Matheson was the most vocal critic of any move to make Indigenous Australians citizens, but his views were echoed by other senators. ‘While I believe in the widest franchise possible for people of our own colour, race and civilisation,’ declared Queensland’s James Stewart, ‘I draw the line very strictly at uncivilised barbarians like the Aborigines of Australia.’ It was all very well for the southern states to shine liberal largesse on the Aborigines, argued Stewart, for they were states ‘which in a very great measure have got rid of the black evil’.
Scots-born Stewart had resided in Australia for less than 15 years (Matheson for only eight) but as sons of Empire both felt authorised to freely express the colonial thinking that divided us from them—and them from their land.
Yet we can’t simply bury the vicious, offensive and deeply damaging nature of their rhetoric under a blanket of historical relativism. Everyone thought that way, such a rationalisation would suggest, therefore what these men were saying wasn’t that bad.
But not all the men in the Senate that day abided the sentiment.
South Australian Senator Thomas Playford defended the rights of ‘the unfortunate Aboriginal, whose forefathers were here perhaps tens of thousands of years before we came here’. To exclude them from the franchise would be ‘a heartless thing … and it is absurd that we should say we are so frightened of the original inhabitants of this continent that we dare not allow them the right to vote’.
Richard O’Connor, who had introduced the Franchise Bill into parliament, would also not be silent witness to an historical injustice:
It would be a monstrous thing, an unheard of piece of savagery on our part, to treat the Aboriginals, whose land we were occupying, in such a manner as to deprive them absolutely of any right to vote in their own country, simply on the ground of their colour and because they were Aboriginals.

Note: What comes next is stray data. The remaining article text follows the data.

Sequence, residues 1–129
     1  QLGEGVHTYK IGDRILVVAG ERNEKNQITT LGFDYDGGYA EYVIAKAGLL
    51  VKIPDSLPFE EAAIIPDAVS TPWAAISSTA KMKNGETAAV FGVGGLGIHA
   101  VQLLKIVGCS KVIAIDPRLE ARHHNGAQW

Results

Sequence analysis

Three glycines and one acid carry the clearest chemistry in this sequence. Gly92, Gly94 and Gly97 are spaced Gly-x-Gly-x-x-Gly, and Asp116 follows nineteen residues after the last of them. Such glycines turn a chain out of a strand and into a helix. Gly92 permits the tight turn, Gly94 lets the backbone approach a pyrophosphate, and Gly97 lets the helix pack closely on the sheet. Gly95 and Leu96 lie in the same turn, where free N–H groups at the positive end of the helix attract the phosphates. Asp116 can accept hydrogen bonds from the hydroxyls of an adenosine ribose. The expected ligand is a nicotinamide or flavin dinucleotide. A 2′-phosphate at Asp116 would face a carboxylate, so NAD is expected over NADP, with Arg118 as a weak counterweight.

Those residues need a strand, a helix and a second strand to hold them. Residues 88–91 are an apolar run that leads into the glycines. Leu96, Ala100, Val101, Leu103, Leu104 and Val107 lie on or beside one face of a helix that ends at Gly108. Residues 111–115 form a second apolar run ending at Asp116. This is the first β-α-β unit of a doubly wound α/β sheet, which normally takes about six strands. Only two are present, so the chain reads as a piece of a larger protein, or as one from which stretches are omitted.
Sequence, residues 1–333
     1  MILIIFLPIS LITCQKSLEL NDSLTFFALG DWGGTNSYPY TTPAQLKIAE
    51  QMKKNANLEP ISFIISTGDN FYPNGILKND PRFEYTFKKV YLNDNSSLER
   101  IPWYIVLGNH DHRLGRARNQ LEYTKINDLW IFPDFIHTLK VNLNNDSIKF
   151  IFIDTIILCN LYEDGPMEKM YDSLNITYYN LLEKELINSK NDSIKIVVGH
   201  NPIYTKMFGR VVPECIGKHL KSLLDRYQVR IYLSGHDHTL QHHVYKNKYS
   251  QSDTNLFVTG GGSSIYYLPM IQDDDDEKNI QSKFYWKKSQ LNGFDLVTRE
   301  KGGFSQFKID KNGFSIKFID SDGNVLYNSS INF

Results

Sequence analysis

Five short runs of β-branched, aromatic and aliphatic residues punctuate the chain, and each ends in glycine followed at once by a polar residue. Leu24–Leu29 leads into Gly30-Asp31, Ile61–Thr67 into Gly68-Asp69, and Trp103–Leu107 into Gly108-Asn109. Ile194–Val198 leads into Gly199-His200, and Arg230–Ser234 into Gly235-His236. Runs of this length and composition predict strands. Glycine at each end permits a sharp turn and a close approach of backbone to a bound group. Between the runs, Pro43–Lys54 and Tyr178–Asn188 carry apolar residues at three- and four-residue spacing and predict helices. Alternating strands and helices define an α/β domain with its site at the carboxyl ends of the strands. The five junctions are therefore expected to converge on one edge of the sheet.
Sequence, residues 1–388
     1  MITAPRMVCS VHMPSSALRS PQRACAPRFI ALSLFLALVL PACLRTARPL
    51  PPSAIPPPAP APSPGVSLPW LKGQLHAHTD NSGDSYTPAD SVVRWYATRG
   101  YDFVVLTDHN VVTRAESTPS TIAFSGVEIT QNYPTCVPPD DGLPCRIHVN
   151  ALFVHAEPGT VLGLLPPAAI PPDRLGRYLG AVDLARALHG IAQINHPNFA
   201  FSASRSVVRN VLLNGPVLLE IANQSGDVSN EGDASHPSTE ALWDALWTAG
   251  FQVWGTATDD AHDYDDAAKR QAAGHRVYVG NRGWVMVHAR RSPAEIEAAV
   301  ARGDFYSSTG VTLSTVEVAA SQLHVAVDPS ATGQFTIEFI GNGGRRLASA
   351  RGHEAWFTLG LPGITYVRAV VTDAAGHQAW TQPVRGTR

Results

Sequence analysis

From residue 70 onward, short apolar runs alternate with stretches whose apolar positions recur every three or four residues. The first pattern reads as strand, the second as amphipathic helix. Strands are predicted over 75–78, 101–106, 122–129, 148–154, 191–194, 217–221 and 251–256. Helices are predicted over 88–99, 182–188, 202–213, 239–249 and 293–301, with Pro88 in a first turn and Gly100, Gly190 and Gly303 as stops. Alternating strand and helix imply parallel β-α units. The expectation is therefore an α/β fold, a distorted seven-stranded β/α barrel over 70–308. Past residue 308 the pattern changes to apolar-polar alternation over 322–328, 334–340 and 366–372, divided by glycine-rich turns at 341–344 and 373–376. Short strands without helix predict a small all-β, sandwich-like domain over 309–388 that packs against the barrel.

In the end, O’Connor wasn’t prepared see his bill scuttled by the racist intransigence of his colleagues. He would not sacrifice the most pressing issue of the day—womanhood suffrage—for the sins of the past or untold consequences in the future.
The bill was passed and Australia’s white women won both the right to vote and the right to stand for parliament, the first women in the world to do so. These achievements were rightly celebrated at the time and should be remembered now. But the racist sting in the tail is there on the historical record, faithfully recorded in Hansard, for all to see.
So, haters and bullies, partisans and bigots, do not think your words will go gently into that good night. Your words will be there to wound and insult your victims, and shame and embarrass your descendants, and your nation, long after you have claimed your parliamentary pension in the sky.
Beware Australia’s federal parliamentarians—and rejoice! However many tumble turns it takes you to get there, you now have the opportunity to be on the right side of history.
Clare Wright is an Associate Professor of History at La Trobe University and the author of The Forgotten Rebels of Eureka, which won the 2014 Stella Prize. Her next book, which explores Australia’s global leadership in democratic progress during the Federation era, will be published in 2018.